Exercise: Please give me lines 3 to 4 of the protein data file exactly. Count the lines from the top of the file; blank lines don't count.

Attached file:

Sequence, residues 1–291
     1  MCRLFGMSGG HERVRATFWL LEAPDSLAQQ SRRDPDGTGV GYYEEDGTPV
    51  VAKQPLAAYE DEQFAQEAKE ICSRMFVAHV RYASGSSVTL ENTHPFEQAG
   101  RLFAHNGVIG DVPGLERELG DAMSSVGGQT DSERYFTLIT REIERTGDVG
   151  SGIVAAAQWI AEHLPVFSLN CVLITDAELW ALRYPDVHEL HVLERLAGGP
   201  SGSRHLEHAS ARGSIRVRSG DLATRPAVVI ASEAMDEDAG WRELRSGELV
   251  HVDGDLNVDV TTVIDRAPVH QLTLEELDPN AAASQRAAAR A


    51  VAKQPLAAYE DEQFAQEAKE ICSRMFVAHV RYASGSSVTL ENTHPFEQAG
   101  RLFAHNGVIG DVPGLERELG DAMSSVGGQT DSERYFTLIT REIERTGDVG